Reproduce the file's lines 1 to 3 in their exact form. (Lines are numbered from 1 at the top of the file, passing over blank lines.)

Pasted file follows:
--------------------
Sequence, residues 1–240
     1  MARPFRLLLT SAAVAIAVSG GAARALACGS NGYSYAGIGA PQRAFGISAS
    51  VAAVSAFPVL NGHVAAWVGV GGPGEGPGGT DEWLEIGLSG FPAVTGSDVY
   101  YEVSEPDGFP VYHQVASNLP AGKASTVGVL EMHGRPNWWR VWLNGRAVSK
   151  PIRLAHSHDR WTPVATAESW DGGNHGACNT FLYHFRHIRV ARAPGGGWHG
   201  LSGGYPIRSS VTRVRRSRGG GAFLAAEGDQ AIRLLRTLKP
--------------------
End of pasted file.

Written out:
Sequence, residues 1–240
     1  MARPFRLLLT SAAVAIAVSG GAARALACGS NGYSYAGIGA PQRAFGISAS
    51  VAAVSAFPVL NGHVAAWVGV GGPGEGPGGT DEWLEIGLSG FPAVTGSDVY